“The undertaking is certainly fraught with grave dangers,” he said, “and as it is primarily a job for men I cannot understand why you were permitted to face the dangers and hardships that must of necessity be entailed by the carrying out of such a perilous campaign.”
“The life of a woman is of no more value than that of a man,” she declared, “and I was needed. There is always a great deal of important and confidential clerical work to be done which Comrade Zvori can entrust only to one in whom he has implicit confidence. He reposes such trust in me and, in addition, I am a trained typist and stenographer. Those reasons in themselves are sufficient to explain why I am here, but another very important one is that I desire to be with Comrade Zveri.”
In the girl’s words Colt saw the admission of a romance; but to his American mind this was all the greater reason why the girl should not have been brought along, for he could not conceive of a man exposing the girl he loved to such dangers.
Above them Tarzan of the Apes moved silently. First he reached over his shoulder and lifted little Nkima from his back. Nkima would have objected, but the veriest shadow of a whisper silenced him. The ape-man had various methods of dealing with enemies—methods that he had learned and practiced long before he had been cognizant of the fact that he was not an ape. Long before he had ever seen another white man he had terrorized the Gomangani, the black men of the forest and the jungle, and had learned that a long step toward defeating an enemy may be taken by first demoralizing its rnorale. He knew now that these people were not only the invaders of his own domain and, therefore, his own personal enemies, but that they threatened the peace of Great Britain, which was dear to him, and of the rest of the civilized world, with which, at least, Tarzan had no quarrels. It is true that he held civilization in general in considerable contempt, but in even greater contempt he held those who interfered with the rights of others or with the established order of jungle or city.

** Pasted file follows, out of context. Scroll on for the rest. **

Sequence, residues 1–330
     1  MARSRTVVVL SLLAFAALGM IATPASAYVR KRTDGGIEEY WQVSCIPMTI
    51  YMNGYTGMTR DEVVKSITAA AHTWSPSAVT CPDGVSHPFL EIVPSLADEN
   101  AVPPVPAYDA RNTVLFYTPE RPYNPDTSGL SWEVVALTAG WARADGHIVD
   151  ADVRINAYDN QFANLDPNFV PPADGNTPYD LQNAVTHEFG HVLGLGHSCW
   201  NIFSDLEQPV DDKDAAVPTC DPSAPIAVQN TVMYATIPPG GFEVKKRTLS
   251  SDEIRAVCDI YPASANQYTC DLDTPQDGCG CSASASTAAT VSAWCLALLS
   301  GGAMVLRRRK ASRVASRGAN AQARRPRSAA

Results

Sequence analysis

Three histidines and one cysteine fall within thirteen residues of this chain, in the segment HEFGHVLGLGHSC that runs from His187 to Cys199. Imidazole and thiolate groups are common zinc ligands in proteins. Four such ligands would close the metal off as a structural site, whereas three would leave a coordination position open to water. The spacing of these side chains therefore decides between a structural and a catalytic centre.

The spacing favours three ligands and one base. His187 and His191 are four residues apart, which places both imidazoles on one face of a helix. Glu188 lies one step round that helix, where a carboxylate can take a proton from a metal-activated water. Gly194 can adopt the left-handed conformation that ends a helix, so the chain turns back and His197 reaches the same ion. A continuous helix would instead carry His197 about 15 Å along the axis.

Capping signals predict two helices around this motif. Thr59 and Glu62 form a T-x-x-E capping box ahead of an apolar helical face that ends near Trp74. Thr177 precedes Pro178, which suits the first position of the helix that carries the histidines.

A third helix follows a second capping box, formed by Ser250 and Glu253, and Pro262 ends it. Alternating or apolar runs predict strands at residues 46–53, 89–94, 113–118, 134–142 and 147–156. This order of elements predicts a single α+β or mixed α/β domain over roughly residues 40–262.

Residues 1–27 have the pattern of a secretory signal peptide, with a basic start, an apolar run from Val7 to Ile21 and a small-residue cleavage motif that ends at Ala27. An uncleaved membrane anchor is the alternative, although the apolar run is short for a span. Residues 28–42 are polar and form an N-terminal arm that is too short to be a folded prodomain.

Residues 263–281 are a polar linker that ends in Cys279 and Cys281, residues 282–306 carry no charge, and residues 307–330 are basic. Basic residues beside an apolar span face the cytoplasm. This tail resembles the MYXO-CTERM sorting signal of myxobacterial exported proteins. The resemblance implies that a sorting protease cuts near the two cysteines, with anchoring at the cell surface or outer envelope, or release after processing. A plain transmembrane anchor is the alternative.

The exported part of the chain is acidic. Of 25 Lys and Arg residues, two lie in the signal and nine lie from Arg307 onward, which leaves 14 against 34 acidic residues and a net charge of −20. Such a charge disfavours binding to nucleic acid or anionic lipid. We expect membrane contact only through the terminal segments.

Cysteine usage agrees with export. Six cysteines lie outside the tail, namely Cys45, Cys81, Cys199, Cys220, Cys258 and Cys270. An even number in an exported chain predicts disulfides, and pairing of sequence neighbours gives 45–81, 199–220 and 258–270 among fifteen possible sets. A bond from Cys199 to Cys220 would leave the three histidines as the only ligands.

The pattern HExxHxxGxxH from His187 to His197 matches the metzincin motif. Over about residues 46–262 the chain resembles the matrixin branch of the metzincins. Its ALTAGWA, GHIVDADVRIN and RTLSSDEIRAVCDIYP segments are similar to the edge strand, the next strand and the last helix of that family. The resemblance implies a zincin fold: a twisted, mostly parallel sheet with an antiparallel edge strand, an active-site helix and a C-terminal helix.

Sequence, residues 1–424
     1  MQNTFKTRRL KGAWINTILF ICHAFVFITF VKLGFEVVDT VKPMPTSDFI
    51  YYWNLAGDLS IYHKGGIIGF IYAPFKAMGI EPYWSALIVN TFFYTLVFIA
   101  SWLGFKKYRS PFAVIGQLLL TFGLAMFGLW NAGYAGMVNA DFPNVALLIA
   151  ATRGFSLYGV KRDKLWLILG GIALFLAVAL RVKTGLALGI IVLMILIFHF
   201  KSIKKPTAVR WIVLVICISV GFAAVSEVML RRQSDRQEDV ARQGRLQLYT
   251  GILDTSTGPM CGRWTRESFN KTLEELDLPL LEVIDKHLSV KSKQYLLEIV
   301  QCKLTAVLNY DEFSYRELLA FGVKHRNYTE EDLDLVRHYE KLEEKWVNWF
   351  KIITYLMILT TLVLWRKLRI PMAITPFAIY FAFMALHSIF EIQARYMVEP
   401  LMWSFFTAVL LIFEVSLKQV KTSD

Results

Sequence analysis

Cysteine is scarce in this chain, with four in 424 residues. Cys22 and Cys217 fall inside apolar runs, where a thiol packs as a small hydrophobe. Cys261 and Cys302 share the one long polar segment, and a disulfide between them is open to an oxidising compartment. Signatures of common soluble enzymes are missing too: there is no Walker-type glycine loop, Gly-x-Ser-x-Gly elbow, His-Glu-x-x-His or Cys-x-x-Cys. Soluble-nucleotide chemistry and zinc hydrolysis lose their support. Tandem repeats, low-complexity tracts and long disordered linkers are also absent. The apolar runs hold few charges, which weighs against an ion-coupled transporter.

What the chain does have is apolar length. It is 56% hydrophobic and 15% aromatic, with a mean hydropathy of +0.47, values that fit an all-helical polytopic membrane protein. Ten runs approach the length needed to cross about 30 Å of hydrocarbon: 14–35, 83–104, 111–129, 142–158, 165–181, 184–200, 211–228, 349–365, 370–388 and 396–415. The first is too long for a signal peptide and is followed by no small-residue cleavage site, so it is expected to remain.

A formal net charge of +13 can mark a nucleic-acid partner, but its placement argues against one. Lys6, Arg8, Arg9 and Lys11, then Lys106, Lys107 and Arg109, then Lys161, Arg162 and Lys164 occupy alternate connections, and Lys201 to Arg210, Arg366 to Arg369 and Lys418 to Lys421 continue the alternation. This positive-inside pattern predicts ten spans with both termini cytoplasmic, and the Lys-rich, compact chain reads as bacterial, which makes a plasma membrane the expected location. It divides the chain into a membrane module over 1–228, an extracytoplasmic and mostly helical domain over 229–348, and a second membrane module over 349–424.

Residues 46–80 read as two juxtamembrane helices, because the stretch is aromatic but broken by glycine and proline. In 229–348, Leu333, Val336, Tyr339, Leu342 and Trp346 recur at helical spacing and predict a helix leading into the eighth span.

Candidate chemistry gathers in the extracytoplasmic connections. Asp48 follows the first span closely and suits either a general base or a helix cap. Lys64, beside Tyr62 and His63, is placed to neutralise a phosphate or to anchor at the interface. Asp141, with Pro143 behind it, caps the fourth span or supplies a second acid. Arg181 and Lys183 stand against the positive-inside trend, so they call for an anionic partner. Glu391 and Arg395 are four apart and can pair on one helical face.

As Tarzan left the tree in which he had been hiding, the two below him were no more aware of his departure than they had been of his presence. Colt found himself attempting to fathom the mystery of love. He knew Zveri, and it appeared inconceivable to him that a girl of Zora Drinov’s type could be attracted by a man of Zveri’s stamp. Of course, it was none of his affair, but it bothered him nevertheless because it seemed to cotistitute a reflection upon the girl and to lower her in his estimation. He was disappointed in her, and Colt did not like to be disappointed in people to whom he had been attracted.
“You knew Comrade Zveri in America, did you not?” asked Zora.
“Yes,” replied Colt.
“What do you think of him?” she demanded.
“I found him a very forceful character,” replied Colt. “I believe him to be a man who would carry on to a conclusion anything that he attempted. No better man could have been chosen for this mission.”